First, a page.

State, economy, culture and business networks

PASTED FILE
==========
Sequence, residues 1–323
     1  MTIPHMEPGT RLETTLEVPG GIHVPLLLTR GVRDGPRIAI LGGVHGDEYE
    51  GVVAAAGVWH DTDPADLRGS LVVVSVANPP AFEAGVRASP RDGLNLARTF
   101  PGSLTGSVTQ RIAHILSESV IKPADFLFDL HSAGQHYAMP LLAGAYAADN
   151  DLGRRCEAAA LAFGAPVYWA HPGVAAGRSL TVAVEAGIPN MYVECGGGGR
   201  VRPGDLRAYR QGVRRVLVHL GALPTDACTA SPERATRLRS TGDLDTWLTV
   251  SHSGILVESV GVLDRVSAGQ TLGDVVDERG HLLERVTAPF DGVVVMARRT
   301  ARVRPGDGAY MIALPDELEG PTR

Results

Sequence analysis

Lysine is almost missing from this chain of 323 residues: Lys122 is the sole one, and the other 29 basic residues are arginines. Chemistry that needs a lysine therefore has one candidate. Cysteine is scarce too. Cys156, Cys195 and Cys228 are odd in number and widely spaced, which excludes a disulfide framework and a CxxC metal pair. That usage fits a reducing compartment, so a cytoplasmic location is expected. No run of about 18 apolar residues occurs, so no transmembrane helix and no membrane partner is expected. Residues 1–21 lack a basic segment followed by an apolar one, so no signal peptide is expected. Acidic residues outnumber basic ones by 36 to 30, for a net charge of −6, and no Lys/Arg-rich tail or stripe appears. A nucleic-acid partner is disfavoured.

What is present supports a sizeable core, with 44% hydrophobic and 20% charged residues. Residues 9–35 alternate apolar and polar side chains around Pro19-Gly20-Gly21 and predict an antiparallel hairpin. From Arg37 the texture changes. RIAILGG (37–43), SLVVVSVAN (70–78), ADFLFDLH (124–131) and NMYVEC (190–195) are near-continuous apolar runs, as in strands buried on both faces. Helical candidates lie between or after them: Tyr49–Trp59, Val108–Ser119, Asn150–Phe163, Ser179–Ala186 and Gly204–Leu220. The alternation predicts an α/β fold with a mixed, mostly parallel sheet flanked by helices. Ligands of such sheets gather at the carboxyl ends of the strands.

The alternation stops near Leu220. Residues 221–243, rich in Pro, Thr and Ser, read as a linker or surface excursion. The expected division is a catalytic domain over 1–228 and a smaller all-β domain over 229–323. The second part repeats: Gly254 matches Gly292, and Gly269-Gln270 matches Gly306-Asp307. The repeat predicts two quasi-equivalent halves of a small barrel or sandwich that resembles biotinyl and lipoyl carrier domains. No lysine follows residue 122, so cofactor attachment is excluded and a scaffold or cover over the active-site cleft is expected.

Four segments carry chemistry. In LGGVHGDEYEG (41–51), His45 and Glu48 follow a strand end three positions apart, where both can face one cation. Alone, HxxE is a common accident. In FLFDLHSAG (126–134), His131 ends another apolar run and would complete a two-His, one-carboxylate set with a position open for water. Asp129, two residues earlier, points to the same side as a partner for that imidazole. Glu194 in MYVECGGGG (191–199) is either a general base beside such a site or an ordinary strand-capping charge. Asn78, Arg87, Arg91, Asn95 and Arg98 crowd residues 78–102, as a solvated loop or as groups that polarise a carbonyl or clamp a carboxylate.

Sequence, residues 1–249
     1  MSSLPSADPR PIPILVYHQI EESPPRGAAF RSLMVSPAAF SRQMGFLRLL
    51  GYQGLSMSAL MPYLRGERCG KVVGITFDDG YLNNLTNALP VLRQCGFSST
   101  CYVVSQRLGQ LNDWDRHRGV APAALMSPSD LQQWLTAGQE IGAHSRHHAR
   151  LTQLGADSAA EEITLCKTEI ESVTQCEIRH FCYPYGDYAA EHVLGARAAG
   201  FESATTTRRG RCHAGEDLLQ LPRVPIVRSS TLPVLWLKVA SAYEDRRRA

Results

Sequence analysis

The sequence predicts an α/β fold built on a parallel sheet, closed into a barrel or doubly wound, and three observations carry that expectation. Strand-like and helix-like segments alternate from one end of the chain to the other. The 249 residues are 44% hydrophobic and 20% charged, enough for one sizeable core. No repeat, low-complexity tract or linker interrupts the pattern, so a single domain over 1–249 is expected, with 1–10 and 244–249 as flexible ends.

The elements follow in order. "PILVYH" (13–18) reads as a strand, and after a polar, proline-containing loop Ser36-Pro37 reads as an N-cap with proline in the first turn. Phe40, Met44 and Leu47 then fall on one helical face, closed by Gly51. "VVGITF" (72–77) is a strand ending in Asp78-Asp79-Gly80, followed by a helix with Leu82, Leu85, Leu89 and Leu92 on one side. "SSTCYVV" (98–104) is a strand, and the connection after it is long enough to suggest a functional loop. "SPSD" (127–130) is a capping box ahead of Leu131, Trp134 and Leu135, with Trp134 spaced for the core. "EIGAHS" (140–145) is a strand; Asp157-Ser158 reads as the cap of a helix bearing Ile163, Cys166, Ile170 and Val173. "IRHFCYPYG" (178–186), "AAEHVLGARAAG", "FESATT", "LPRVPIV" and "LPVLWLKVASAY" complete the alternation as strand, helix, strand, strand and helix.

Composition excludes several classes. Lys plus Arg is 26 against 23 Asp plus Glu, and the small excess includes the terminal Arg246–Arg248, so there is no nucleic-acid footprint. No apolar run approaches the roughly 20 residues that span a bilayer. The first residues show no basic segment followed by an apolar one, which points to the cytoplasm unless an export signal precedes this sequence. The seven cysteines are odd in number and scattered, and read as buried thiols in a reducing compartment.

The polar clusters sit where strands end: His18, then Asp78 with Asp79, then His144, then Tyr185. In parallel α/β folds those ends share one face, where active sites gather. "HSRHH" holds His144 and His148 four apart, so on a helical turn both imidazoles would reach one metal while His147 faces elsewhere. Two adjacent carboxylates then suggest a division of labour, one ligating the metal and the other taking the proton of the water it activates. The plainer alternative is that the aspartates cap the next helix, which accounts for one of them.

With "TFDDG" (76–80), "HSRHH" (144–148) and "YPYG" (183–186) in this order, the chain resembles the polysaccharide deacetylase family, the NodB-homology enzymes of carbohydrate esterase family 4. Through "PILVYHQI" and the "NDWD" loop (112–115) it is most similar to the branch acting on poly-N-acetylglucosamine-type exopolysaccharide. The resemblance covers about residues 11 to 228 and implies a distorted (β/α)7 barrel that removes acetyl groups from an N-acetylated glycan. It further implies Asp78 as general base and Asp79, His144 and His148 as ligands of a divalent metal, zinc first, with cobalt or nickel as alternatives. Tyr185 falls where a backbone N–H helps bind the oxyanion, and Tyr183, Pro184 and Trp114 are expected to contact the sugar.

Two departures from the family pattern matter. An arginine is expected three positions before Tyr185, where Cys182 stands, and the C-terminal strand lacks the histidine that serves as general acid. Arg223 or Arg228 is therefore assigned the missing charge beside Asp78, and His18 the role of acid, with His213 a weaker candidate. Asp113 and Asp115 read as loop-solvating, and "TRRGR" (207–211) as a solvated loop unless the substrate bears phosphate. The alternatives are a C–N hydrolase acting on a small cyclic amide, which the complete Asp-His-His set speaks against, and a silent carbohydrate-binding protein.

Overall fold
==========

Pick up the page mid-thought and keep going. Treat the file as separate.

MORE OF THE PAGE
Interest among professional analysts, policy makers, scholars and laymen in Chinaʼs recent economic revitalisation, and its possible correlation with the burgeoning economic activities of the ethnic Chinese diaspora worldwide, is the impetus for examinations of Chinese business networks.1 In these endeavours, considerable emphasis has been placed on the cultural aspect of Chinese networking. Popular conceptions of sealing a deal with a friendly handshake rather than a hard legal document are legendary. Such business ﬂamboyance is extremely appealing and perhaps even longed for in an increasingly disenchanted world. Ironically, these same culturalist explanations have been reversed lately: Chinese business networks and their ʻdark side ʼ-allegedly shadowy dealings – have been blamed for the current economic malaise in Asia. There is thus a need to re-examine some of the assumptions underpinning the culturalist point of view. For far too long, both academics and journalists have emphasised the similarities among the popularly termed ʻtiger economies ʼof Asia while neglecting the fact that differences between them abound.